And before anyone says “Why aren’t you running the latest and greatest of all software?” you need to understand our business philosophy – We will upgrade to the latest and greatest where it makes sense, there are specific advantages and / or features and benefits, time permits, the risks are manageable and compatibility with clients can be maintained. The biggest problem spare capacity – being time or machine, to backup, install and de-install if anything doesn’t work. Large corporates can afford duplicate machines and have manpower to spare. In a SOHO these are luxuries not often available.
We REALLY ENJOY wireless functionality. And interoperability isn’t an issue if you take some care. While we may not get the maximum 108Mbps speed that our WGT624 is capable of when paired with a Netgear 108Mbps capable PC card, because we have a non-108Mbps MPC in the Toshiba, 11Mbps is fine when we take our Toshiba out into the family room to watch our 50” plasma screen and home theater or when the sun isn’t too bright out on the deck under our glass enclosure by the pool. That’s what working from home should be all about.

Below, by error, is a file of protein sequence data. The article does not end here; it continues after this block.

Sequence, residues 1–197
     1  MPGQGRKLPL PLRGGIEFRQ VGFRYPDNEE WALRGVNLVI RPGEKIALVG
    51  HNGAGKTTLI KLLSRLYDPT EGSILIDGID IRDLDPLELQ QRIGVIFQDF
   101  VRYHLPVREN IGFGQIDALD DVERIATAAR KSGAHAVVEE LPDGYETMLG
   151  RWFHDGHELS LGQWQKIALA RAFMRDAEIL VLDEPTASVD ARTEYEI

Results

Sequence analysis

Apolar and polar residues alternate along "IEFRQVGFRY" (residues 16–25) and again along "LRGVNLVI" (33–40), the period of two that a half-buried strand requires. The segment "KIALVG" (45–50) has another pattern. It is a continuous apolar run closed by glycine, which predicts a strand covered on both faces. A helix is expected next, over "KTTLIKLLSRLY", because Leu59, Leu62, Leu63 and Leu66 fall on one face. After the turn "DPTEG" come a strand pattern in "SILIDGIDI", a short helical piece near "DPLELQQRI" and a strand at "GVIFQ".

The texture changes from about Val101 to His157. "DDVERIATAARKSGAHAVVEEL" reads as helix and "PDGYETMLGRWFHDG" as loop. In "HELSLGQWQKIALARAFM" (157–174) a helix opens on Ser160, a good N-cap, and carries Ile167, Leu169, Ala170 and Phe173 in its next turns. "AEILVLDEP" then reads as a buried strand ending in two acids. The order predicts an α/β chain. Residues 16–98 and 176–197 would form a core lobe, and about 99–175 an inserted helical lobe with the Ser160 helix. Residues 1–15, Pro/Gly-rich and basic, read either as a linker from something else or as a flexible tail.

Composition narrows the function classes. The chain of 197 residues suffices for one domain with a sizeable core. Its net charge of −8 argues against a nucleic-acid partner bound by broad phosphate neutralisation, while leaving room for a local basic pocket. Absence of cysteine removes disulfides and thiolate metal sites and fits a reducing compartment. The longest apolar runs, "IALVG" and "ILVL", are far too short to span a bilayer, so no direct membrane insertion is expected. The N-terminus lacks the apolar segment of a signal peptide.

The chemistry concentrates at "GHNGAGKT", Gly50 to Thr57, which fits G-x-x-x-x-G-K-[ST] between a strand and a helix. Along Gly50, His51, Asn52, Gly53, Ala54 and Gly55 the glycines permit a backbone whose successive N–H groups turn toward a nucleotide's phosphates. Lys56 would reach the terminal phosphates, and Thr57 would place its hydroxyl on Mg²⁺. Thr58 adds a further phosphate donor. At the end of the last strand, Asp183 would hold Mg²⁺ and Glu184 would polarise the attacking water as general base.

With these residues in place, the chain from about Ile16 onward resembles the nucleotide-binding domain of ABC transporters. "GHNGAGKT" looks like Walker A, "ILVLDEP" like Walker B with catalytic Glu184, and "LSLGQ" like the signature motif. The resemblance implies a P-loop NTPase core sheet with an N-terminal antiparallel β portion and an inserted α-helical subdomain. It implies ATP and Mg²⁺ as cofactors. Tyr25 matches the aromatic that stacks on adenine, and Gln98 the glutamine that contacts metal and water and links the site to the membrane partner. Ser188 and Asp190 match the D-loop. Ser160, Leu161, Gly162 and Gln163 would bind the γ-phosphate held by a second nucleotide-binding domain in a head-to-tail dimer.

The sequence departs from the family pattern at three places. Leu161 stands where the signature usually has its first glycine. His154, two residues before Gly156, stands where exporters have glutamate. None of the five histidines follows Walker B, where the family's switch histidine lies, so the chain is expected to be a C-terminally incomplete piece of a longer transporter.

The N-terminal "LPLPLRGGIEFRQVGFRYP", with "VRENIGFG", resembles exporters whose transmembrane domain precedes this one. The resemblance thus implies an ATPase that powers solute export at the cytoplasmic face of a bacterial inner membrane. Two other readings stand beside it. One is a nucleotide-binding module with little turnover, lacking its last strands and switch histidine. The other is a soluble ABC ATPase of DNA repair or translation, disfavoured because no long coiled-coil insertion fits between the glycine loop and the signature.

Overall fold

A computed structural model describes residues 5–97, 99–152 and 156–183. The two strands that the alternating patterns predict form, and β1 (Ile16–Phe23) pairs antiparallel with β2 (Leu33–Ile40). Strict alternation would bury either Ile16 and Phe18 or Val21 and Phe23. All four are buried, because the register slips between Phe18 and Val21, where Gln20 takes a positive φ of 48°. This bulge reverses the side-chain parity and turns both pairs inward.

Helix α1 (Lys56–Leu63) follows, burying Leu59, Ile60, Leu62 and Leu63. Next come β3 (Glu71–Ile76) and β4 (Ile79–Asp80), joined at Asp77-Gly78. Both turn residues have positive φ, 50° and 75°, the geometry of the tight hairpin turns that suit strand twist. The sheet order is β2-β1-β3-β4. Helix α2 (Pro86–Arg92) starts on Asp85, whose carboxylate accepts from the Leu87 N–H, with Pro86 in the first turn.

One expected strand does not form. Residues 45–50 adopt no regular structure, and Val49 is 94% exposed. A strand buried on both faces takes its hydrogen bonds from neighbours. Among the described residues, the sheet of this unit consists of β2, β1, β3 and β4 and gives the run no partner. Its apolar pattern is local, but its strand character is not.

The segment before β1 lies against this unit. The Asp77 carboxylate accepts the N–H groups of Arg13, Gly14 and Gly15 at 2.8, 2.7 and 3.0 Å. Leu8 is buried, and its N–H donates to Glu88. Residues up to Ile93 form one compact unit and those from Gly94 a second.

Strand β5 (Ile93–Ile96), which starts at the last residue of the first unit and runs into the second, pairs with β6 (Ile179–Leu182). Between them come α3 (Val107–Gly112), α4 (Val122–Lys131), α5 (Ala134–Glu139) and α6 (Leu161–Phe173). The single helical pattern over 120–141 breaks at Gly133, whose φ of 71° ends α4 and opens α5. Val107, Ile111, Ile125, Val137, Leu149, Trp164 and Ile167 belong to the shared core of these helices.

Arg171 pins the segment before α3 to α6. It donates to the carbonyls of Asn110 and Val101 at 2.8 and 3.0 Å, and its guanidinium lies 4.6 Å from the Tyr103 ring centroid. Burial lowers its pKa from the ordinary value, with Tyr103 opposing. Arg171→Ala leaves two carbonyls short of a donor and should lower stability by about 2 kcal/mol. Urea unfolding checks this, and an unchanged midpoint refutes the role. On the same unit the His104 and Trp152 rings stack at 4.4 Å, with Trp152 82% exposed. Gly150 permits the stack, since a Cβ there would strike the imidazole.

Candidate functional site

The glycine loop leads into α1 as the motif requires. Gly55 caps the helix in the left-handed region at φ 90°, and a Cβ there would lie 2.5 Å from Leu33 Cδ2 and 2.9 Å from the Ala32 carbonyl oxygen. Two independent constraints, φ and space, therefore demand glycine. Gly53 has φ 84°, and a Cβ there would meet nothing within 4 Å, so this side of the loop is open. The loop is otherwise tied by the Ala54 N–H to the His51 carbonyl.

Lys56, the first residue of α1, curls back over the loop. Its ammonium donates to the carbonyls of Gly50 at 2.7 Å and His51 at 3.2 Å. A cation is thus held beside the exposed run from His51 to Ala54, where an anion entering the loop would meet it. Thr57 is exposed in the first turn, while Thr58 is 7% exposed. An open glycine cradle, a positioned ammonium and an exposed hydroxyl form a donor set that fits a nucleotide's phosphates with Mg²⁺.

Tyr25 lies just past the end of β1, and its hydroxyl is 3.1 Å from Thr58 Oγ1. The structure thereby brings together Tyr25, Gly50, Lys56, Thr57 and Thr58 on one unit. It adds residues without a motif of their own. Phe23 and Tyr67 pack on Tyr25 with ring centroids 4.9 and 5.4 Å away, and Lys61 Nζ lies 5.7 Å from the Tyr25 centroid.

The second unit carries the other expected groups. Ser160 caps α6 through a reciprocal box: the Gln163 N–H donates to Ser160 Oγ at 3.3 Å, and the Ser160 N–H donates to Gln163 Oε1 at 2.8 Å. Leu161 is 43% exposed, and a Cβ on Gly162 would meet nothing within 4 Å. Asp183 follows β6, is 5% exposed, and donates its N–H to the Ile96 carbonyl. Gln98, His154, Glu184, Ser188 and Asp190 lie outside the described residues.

We can however be sidetracked by the home theater system, especially with our Netgear MP101 music player and internet radio. We connect wirelessly, but it can be wired. Any PC in our network with software loaded can act as a server, creating a database of all our music files that can be played and playlists manipulated at the MP101 and its remote control.
But if we must confine ourselves to the office, we can still bring quality sound in. Once you have something like the HAL CC40 installed near the home theater system, you can install a local amp (RA-1) and speakers (IC-65) in the ceiling, control keypad (KP-1) (also in picture below) in the wall that uses an IR remote (RH-1) and control not only the volume but the source of the sound. In our case it is the Harman/Kardon DVD 30 player, and via the Integra DTR-7.4 receiver, just about any source connected to the Integra. This includes radio, both regular and internet (and yes this competes with the MP101 as a music player, but the MP101 software has been installed and the Integra PC software hasn’t). And it also includes cable TV Foxtel, as well as our JVC HR-S5700AM VCR. The local amp (RA-1) has the capabilities for two local sources. This means we could feed the PC sound card and something else into the local amp. It would only be able to play in the office’s in ceiling speakers. What is also pretty neat is that using IR re-transmitters (little IR sensors attached to the various home theater devices) we can use their respective remote controls in the office, quite a ways from the family room, to control the functions of the units in the family room!